• Asset bases, social networks, caste and gender dictate responses. E.g. in Kolar, men tend to commute to Bangalore while women undertake agricultural labour 10-15km from their homes. However, such work is available only when rains are good.
  • In Gulbarga, there are examples of government- and NGO led water management strategies through the building of farm ponds and soil and moisture conservation structures.

Urban areas

  • Responses are usually in the form of short-term coping strategies suited to the uncertain locations and livelihoods of people living in informal settlements.
  • In response to localised flooding, some households simply wait for the waters to recede. Economically better-off families choose to raise floor heights to prevent water from entering their houses.
  • Migrant workers from West Bengal engaged in waste picking use networks with their labour contractors, friends and relatives to access informal employment, land for housing, water (via water tankers), and financial assistance during times of need.
  • In contrast, construction workers in these settlements do not usually have a steady contractor and thus cannot access such networks for coping.
  • In some cases, religious groups provide mutual support for their members, e.g. in Akiappa Garden a Sikh religious group supports access to finances and education for its members.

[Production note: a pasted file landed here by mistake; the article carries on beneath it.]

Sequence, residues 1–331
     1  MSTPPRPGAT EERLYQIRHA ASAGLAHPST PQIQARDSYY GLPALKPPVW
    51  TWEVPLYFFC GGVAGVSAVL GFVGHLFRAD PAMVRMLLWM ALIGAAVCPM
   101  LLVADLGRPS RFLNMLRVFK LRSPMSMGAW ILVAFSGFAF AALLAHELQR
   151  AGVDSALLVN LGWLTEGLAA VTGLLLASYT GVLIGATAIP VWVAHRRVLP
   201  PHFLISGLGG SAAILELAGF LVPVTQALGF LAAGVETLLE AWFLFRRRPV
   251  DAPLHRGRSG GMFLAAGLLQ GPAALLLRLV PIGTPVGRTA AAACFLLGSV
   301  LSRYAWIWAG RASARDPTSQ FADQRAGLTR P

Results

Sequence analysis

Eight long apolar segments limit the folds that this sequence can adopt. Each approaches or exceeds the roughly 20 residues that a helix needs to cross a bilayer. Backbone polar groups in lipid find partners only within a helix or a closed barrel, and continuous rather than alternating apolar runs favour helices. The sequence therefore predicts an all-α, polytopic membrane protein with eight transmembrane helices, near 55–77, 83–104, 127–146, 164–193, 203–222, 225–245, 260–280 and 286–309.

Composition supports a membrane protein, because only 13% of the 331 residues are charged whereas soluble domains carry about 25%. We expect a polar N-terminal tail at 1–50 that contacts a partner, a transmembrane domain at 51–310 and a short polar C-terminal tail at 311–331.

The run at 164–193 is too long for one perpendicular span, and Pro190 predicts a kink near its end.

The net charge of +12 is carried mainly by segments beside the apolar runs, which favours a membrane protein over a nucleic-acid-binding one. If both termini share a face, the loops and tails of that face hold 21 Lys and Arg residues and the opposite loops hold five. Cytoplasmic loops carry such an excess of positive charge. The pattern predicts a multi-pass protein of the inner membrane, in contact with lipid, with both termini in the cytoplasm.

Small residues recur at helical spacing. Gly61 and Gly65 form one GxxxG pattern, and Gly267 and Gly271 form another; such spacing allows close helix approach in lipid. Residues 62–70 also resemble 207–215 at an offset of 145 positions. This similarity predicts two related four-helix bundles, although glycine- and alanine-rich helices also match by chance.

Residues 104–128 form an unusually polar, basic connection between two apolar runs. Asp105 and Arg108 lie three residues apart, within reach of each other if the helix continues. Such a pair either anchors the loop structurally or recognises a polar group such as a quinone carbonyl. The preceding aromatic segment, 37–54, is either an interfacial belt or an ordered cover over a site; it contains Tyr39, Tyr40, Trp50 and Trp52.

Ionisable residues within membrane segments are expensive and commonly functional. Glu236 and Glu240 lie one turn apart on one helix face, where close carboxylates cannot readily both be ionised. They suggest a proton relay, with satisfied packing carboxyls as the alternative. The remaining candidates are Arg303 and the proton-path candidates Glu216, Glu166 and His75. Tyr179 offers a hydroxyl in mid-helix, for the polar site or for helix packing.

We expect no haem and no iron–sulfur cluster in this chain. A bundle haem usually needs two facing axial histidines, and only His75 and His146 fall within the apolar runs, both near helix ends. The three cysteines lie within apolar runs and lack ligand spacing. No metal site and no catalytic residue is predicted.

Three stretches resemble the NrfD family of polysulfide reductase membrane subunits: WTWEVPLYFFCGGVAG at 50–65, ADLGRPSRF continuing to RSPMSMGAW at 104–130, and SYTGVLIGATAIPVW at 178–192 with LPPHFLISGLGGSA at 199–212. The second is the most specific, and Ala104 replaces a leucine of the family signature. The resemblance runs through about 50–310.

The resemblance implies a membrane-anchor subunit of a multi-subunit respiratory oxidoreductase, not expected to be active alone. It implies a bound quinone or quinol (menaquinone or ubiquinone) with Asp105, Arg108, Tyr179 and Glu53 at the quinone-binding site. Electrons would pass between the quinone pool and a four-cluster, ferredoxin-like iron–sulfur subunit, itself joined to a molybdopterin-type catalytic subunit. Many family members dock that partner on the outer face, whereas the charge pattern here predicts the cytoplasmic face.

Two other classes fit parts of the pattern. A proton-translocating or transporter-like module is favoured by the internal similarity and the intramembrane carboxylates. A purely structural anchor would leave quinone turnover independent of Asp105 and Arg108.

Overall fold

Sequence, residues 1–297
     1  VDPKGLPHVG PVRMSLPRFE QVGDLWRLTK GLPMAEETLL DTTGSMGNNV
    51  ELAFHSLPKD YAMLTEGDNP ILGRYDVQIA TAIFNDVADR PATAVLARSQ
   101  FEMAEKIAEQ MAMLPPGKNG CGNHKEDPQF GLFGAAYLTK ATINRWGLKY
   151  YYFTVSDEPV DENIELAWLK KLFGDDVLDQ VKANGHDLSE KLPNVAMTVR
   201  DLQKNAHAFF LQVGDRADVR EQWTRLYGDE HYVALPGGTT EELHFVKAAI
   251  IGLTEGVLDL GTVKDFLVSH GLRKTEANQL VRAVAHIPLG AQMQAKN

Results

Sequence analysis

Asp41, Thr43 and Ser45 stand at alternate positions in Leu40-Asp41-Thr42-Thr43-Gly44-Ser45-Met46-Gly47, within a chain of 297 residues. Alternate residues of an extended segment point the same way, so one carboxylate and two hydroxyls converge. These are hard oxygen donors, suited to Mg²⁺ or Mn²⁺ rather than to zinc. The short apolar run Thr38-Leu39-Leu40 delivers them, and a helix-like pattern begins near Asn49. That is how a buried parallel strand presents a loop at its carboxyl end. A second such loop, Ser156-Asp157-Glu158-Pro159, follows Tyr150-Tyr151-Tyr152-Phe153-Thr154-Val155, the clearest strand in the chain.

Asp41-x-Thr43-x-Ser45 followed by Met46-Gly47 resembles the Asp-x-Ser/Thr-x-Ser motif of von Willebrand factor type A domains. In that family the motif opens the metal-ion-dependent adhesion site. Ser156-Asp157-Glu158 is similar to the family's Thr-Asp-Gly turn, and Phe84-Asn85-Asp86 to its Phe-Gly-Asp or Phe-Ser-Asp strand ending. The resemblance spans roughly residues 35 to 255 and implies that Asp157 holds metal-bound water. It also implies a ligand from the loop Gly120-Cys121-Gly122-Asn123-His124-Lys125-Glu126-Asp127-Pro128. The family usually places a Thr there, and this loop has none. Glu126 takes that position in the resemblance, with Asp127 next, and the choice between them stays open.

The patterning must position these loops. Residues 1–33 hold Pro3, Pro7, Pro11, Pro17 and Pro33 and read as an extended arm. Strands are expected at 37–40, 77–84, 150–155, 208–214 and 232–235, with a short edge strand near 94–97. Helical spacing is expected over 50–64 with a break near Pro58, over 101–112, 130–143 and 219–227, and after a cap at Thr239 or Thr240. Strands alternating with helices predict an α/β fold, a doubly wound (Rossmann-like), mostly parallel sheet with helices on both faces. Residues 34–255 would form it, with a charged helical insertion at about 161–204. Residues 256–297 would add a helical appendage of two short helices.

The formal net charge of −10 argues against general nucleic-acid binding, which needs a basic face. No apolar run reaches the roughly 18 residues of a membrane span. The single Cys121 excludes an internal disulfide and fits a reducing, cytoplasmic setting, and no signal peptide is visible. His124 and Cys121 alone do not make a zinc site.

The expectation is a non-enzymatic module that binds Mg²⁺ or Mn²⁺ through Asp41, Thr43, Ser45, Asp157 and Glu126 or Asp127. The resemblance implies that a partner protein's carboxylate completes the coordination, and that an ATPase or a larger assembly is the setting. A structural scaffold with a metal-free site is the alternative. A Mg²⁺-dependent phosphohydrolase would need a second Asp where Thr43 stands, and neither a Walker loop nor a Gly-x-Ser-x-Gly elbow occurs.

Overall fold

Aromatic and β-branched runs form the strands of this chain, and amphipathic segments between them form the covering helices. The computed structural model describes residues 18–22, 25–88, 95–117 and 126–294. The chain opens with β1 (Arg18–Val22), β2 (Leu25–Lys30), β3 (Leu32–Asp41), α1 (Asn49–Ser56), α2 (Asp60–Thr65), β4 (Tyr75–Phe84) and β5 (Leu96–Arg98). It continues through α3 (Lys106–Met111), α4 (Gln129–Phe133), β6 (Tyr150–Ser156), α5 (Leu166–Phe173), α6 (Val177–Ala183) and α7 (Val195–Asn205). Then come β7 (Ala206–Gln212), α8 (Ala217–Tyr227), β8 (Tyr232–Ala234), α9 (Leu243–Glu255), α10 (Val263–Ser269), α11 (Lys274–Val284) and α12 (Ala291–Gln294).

Barriers: What constrains local adaptation?

Rural Areas

  • Physical assets
    • Small landholdings (2.87 ha in Gulbarga; 0.843 ha in Kolar).
    • Lack of adequate post-harvest storage facilities.
    • Smallholders are unable to invest in water-saving infrastructure (drip and sprinkler irrigation, farm ponds).
    • Indiscriminate use of fertilisers has depleted soil health and locked farmers into high-input cycles.
  • Information
    • Low usability of climate and weather information due to poor timing and limited practical applicability.
    • Low awareness of government schemes, especially in villages far from Gram Panchayat, and especially among women.
    • Low levels of trust in extension services and Krishi Vigyan Kendra.
  • Financial factors
    • Lack of credit facilities for investment in agriculture.
    • Families trapped in debt due to loans taken for input-intensive crops and unregulated borewell digging.
    • Mistrust of formal banking systems lead to continued dependence on moneylenders.
    • Finances from formal institutions enable investments in farm-based livelihoods, but access varies because the borrowing regime (fixed rules on interest rates, payback periods) allows economically better-off and educated individuals to benefit.

Urban Areas

  • Governance-related
    • Lack of legal recognition in the city undermines ability of informal settlement dwellers to avail rights to city services and resources.
    • Lack of policies protecting migrants makes ration and electoral IDs (and the benefits accruing from them) invalid in the destination.
    • Absence of tenureship rights and contested land holdings dissuade asset accumulation and belonging in the city.
  • Social factors
    • Language barriers for interstate migration leads to social isolation.
    • Caste, class, and religion divides undermine agency to gain access to basic services like electricity, water supply.